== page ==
University of Cambridge > > Applied and Computational Analysis > Wavelets and Differential Operators: From Fractals to Marr's Primal Sketch

Wavelets and Differential Operators: From Fractals to Marr's Primal Sketch

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Invariance is an attractive principle for specifying image processing algorithms. In this presentation, we promote affine invariance—more precisely, invariance with respect to translation, scaling and rotation. As starting point, we identify the corresponding class of invariant 2D operators: these are combinations of the (fractional) Laplacian and the complex gradient (or Wirtinger operator). We then specify some corresponding differential equation and show that the solution in the real-valued case is either a fractional Brownian field (Mandelbrot and Van Ness, 1968) or a polyharmonic spline (Duchon, 1976), depending on the nature of the system input (driving term): stochastic (white noise) or deterministic (stream of Dirac impulses). The affine invariance of the operator has two important consequences: (1) the statistical self-similarity of the fractional Brownian field, and (2) the fact that the polyharmonic splines specify a multiresolution analysis of L_2(ℝ^2) and lend themselves to the construction of wavelet bases. The other fundamental implication is that the corresponding wavelets behave like multi-scale versions of the operator from which they are derived; this makes them ideally suited for the analysis of multidimensional signals with fractal characteristics (whitening property of the fractional Laplacian).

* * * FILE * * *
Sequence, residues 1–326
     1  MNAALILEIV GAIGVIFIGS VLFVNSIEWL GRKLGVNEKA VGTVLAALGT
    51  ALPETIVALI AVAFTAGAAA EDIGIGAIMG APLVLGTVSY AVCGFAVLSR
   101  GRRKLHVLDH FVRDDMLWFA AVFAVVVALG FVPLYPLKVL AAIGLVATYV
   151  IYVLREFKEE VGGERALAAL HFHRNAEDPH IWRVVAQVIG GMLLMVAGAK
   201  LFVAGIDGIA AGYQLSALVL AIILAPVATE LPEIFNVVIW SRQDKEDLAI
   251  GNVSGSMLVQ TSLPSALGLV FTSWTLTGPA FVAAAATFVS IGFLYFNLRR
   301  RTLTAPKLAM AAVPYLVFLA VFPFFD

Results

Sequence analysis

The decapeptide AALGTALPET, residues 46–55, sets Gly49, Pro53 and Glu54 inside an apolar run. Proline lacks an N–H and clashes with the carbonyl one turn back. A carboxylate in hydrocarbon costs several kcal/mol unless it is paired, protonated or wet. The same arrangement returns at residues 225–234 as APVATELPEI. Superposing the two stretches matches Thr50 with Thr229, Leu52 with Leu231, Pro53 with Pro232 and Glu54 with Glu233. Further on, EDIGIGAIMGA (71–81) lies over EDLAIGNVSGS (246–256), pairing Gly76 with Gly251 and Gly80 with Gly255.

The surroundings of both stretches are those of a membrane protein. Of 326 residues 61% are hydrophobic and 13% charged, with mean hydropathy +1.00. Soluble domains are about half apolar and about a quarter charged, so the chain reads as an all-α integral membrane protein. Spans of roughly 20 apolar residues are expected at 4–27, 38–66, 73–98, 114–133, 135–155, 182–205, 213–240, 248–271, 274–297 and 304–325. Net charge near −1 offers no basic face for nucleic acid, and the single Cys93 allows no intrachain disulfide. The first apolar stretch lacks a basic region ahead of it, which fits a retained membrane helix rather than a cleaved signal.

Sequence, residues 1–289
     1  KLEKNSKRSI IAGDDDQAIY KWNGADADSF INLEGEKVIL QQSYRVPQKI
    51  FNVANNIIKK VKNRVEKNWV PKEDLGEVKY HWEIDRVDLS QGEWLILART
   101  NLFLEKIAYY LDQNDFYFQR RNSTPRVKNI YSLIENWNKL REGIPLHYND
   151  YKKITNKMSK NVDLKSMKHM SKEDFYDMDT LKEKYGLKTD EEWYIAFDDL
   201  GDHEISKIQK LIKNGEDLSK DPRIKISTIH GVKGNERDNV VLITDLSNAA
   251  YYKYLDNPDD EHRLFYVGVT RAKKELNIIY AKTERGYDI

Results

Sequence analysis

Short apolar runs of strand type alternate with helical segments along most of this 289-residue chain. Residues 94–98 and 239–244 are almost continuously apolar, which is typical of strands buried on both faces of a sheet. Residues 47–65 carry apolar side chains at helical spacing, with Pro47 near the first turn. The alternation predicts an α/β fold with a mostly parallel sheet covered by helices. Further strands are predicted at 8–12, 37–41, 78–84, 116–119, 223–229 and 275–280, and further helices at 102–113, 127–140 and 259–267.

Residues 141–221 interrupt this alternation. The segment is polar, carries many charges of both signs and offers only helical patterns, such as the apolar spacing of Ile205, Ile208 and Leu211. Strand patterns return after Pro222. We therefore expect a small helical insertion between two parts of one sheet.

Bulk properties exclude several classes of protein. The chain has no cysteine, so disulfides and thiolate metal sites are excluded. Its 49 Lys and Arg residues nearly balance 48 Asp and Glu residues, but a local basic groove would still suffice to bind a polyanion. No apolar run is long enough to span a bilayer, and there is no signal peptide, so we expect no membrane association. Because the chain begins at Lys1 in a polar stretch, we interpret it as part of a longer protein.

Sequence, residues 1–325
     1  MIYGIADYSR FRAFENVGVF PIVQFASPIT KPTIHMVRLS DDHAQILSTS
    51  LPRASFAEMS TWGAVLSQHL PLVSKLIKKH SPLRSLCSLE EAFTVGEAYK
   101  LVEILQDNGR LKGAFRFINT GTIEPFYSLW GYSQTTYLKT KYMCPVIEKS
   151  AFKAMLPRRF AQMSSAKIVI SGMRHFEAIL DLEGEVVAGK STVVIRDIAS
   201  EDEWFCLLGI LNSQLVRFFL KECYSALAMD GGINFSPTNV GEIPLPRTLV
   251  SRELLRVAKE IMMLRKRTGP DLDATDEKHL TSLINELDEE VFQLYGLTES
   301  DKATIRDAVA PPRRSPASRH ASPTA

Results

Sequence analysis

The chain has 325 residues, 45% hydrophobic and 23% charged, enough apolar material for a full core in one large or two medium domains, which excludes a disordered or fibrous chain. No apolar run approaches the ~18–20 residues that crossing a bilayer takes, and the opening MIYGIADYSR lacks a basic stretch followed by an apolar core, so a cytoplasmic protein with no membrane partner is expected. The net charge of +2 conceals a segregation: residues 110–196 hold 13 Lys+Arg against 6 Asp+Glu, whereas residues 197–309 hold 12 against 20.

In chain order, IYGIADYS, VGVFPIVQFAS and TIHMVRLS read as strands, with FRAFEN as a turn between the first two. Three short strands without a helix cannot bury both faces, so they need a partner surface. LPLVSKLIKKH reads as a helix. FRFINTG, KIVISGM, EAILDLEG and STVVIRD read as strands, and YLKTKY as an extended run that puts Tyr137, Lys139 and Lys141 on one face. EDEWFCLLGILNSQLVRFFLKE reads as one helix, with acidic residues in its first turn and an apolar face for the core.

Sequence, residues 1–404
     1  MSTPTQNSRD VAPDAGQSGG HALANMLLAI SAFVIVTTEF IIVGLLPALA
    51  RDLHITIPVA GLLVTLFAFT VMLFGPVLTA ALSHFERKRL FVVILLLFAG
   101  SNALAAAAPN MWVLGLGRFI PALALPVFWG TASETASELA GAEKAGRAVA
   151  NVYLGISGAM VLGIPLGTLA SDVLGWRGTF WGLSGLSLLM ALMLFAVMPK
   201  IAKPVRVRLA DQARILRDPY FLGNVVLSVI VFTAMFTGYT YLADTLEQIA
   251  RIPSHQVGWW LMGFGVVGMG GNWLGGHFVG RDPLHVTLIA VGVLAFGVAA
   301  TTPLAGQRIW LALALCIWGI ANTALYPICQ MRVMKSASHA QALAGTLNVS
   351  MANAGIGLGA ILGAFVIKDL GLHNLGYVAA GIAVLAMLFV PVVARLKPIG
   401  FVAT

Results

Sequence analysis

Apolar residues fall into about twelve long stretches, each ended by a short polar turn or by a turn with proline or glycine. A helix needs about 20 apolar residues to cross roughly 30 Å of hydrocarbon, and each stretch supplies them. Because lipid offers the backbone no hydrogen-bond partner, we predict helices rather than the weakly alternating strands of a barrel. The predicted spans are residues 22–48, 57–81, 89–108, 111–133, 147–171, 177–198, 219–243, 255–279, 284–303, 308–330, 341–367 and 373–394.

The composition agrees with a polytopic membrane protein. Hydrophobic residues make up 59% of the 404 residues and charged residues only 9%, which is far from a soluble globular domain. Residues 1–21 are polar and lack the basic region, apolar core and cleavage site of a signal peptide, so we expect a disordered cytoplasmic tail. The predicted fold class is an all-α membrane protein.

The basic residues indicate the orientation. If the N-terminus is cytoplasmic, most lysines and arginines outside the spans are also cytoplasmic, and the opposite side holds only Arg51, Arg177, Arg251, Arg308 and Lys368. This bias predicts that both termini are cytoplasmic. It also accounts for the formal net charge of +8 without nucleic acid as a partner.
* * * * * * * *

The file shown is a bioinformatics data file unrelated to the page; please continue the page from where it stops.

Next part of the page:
The complex extension of the approach yields a new complex wavelet basis that replicates the behavior of the Laplace-gradient operator and is therefore adapted to edge detection. We introduce the Marr wavelet pyramid which corresponds to a slightly redundant version of this transform with a Gaussian-like smoothing kernel that has been optimized for better steerability. We demonstrate that this multiresolution representation is well suited for a variety of image-processing tasks. In particular, we use it to derive a primal wavelet sketch—a compact description of the image by a multiscale, subsampled edge map—and provide a corresponding iterative reconstruction algorithm.

This talk is part of the Applied and Computational Analysis series.

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